Them North v South matches start this week

Posted by
2 minute read
Compass (CC licensed by summerbl4ck via Flickr)
Compass (CC licensed by summerbl4ck via Flickr)

Or, you know, “those” North v South matches if you’ve got some weird dialect or other.

Rivalries are rarely more intense than between two groups of people who are all but identical when viewed with any sense of perspective. The rest of the cricket world will look on in amused awe on Friday as the two halves of the UK trade insults about weather and cuisine.

“It rains fractionally more often than on one day in three where you’re from,” says the person from a place where it rains fractionally less than one day in three.

“You can’t even get gravy on your chips where you’re from,” retorts the person from an area where they put gravy on their chips.

All good fun, and then, when the matches are over, we all go and buy a pint of room temperature beer and congratulate ourselves on not being Australian.

Needless to say, the North team has been necessarily compromised by the inclusion of players from a bunch of southern counties to try and even things out a bit. Ben Duckett, for one, will be redirected towards the other changing room should he be tested with the ‘butter bath’ shibboleth.

If you’re poring over the squads, it’s also worth pointing out that Lancashire’s S Mahmood is of course Saqib, not Sajid. The latter doesn’t really play cricket any more, outside of Unibet adverts. He is instead busying himself with his ‘urban streetwear’ brand, Baulla.


Mike Gatting wasn't receiving the King Cricket email when he dropped that ludicrously easy chance against India in 1993.


Why risk it when it's so easy to sign up?


  1. Also, it’s very confusing that Sam Northeast is in the South team. Tom Westley must be feeling hard done by. Not to mention Marcus North and Tim Southee.

  2. I am welling with southern pride.

    Just out of interest, are they to have two possible names for each interval:

    * lunch/dinner
    * tea/whatever you call the four-o’clock in the afternoon thing in the north, given that you mistakenly call “dinner” “tea”?

    The butter bath thing pales into insignificance once you start worrying about meal and thus interval names.

      1. What, you eat a full meal in 20 minutes mid-afternoon up there?

        Of course you do. I don’t know why I wasted the keystrokes asking the question.

    1. It’s not a north-south thing Ged, it’s a rich-poor thing. Everybody’s main meal was called dinner, but if you worked in the fields your main meal needed to be in the middle of your working day to replenish lost energy. Contrast that with the landowning classes, who rarely got out of bed before 11 o’clock and who therefore had their main meal in the evening.

      I’m very much afraid, therefore, that your language choice marks you out as a member of the oppressor class, those who exploit the workers to maintain a parasitical and essentially feckless lifestyle. The revolution is coming! Workers of the world unite! Oh Christmas Tree, Oh Christmas Tree…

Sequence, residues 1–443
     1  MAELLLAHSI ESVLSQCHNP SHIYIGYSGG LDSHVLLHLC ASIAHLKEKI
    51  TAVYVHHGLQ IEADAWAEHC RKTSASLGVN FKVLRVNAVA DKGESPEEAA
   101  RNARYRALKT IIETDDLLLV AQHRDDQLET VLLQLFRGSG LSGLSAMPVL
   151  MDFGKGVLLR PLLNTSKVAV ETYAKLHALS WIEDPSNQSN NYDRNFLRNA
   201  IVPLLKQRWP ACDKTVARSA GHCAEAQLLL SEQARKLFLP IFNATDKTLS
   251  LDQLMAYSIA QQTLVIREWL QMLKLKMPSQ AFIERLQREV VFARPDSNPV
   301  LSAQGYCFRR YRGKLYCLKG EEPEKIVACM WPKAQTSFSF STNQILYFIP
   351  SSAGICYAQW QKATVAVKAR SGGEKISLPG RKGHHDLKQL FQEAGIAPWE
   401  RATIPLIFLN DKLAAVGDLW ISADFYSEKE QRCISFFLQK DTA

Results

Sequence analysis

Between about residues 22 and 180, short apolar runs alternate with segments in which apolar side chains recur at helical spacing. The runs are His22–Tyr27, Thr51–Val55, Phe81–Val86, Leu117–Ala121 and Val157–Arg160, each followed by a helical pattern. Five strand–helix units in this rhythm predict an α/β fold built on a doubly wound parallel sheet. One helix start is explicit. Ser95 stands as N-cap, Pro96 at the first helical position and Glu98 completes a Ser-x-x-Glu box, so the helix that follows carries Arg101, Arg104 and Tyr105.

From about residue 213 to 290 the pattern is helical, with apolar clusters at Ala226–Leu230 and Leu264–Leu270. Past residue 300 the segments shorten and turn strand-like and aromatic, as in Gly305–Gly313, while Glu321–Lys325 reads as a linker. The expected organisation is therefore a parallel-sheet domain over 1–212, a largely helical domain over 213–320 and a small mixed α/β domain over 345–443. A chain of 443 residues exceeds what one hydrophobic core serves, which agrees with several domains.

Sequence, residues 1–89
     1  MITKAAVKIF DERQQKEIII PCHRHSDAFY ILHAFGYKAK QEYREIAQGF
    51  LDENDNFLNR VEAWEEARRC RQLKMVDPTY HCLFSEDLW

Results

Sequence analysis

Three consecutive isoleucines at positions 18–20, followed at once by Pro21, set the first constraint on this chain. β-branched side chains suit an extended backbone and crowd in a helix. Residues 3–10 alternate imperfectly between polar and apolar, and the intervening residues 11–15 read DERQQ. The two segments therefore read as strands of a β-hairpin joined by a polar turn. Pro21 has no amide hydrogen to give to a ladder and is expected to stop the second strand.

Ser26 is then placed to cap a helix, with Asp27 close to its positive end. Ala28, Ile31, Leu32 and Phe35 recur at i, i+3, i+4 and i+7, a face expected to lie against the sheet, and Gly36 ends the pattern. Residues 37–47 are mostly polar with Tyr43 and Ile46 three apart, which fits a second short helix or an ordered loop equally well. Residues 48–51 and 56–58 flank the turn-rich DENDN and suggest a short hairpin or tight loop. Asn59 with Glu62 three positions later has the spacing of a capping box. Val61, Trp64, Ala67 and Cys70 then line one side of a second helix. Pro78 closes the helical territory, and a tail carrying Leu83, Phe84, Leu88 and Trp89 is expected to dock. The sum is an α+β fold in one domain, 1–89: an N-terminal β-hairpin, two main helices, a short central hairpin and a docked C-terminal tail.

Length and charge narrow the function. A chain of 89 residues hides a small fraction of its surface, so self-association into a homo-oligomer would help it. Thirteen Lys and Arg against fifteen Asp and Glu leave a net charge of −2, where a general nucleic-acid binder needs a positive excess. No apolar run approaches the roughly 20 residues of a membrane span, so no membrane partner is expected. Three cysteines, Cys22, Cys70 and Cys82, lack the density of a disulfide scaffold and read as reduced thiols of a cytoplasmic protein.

1. I was going to wade in for another round, marshalling dozens of factoids from the worlds of domestic science, economics and social anthropology to support the veracity and decency of my position.

        But in the end, I thought better to leave the last word to thems from the land where the middle of the day meal comprises haloumi and tomato barms/Staffordshire oatcakes.

      2. The world is run by a secret group of people who eat that cheese.

        They’re the halouminati

      3. Oooo ooo oo Ged, Ged, can I be in your southern team? I come from the south of India so I count too, right? I am assuming you have basic comforts like a different personal chef for every meal etc. etc. We’ll let plebs like Bert argue which meal is called what and then point and laugh at them while adjusting our monocles. Come on, it’ll be fun.

      4. I think you’re looking for the Chap Olympiad rather than the North v South cricket match, Deep Cower.

        Tickets available for a suitable fee, appropriate dress compulsory, as I understand it.

        But you might be better off with Bert’s team after all – he seems to be in with the global big cheeses now.

  3. Being a Man of Kent (or possibly a Kentish man – never been sure of the difference) Ben Duckett playing for the north is entirely reasonable to me. He is from NORTHampton after all…

    1. Frankly, it’s disheartening to see so many from north of Sevenoaks in that South side. If, as Northeast suggests, they’ve put a lot of of thought into it how did that happen? What are they playing at?

    2. Hmmm…

      …some say Men of Kent are from South East of the River Medway, the rest are Kentish Men…that would make Robert Key a Kentish Man.

      …others say that Men of Kent are from the Diocese of Canterbury while Kentish Men are from the Diocese of Rochester…that would make Robert Key a bloke from East Dulwich – i.e. neither.

      I’ll ask Mark (or Uncail Marcas as Hippity calls him) – he’s from somewhere in Kent proper and I’m seeing him later today.

      Come to think of it, Marcas might be able to help out Deep Cower with his monocle and bizarre cuisine problems too.

    3. Uncail Marcas confirms the River Medway distinction as the only one that “real” Kentish/of Kent folk recognise.

      Mark then made some very off-colour comments about north and south of the M20, which would have had Bert frothing at the mouth, so I won’t repeat those comments.

Comments are closed.